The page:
Hezbollah chief Hassan Nasrallah hurled the latest warning on Friday, a month after 60 blasts at a suspected Hezbollah weapons cache in southern Lebanon heightened tensions.
Khirbet Silm, south Lebanon
Israel and its arch foe Hezbollah are waging an increasingly heated war of words, fanning concerns about another bruising encounter between the two enemies who fought a devastating but inconclusive conflict in 2006.
In a keynote speech Friday night marking the third anniversary of that war's end, Hezbollah chief Sheikh Hassan Nasrallah outlined his strategy for Lebanon to deter Israel from launching another offensive. Responding to Israeli threats to flatten southern Lebanese villages and infrastructure, he vowed to attack Tel Aviv if Israel targeted Beirut or its southern suburbs, where Hezbollah's headquarters are.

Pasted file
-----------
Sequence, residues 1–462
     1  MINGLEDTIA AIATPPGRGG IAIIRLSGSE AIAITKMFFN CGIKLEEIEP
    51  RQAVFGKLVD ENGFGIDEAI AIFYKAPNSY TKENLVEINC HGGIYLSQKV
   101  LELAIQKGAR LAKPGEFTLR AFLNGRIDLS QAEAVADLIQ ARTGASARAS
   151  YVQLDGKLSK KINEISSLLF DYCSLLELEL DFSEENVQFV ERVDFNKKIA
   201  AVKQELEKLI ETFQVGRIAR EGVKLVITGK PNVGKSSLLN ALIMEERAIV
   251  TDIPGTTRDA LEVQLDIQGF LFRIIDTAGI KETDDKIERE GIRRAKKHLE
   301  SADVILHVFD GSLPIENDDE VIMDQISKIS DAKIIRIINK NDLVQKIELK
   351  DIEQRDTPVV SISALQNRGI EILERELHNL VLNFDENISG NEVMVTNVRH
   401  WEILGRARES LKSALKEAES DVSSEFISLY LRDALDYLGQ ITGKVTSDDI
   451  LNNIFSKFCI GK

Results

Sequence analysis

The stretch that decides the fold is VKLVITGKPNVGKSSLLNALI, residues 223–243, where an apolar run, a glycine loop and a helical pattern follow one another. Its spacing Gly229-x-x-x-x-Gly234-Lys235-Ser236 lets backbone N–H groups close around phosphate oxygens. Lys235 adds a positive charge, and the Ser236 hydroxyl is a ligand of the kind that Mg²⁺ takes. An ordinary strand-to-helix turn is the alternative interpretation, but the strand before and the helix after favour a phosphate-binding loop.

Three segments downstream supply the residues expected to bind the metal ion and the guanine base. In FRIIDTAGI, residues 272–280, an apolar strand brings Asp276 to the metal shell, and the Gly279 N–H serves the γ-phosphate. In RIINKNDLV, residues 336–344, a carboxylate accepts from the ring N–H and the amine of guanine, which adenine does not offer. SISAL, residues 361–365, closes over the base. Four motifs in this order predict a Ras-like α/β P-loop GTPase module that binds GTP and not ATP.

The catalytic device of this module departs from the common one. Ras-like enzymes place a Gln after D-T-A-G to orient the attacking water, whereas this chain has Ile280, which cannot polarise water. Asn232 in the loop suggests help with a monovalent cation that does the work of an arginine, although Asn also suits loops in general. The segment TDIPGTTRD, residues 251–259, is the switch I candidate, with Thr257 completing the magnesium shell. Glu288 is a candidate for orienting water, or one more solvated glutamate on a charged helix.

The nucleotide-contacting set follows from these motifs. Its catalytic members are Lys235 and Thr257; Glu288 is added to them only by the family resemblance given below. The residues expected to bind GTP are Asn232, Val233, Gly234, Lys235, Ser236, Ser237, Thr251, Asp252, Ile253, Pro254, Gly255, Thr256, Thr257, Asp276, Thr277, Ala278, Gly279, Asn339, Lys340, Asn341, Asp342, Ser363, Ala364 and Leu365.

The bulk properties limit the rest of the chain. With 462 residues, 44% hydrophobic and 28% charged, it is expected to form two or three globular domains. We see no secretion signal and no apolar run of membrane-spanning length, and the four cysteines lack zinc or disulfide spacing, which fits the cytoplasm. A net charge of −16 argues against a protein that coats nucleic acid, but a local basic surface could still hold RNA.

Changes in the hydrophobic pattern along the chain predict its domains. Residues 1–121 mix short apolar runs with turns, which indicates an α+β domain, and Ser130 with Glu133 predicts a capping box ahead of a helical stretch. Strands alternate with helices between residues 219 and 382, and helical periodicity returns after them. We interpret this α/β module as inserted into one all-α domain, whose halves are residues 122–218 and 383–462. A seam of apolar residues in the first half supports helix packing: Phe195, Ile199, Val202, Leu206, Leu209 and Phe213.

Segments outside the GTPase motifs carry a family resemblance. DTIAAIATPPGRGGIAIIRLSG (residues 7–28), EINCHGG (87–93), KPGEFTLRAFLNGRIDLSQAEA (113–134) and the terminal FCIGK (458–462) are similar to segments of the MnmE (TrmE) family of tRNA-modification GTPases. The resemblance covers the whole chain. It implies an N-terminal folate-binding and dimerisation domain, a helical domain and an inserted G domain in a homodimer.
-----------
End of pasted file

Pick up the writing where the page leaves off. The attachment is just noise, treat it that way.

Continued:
"We are now capable of attacking any city or village throughout Israel," he said, dismissing recent Israeli threats against Hezbollah as psychological warfare. "When Israelis talk a lot, it means that they will do nothing. However, when they are silent like a snake we have to be cautious." Nasrallah's comments, delivered via a live video feed to a crowd of flag-waving supporters and invited politicians, were the latest in a month-long barrage of threats from both sides of the Lebanon-Israel border.
The saber-rattling, touched off in mid-July by explosions near an alleged Hezbollah weapons cache here in the hills of south Lebanon, seems driven more by a fear that the other side will take action, than a desire to launch a fresh round of fighting, say analysts and United Nations peacekeepers here.
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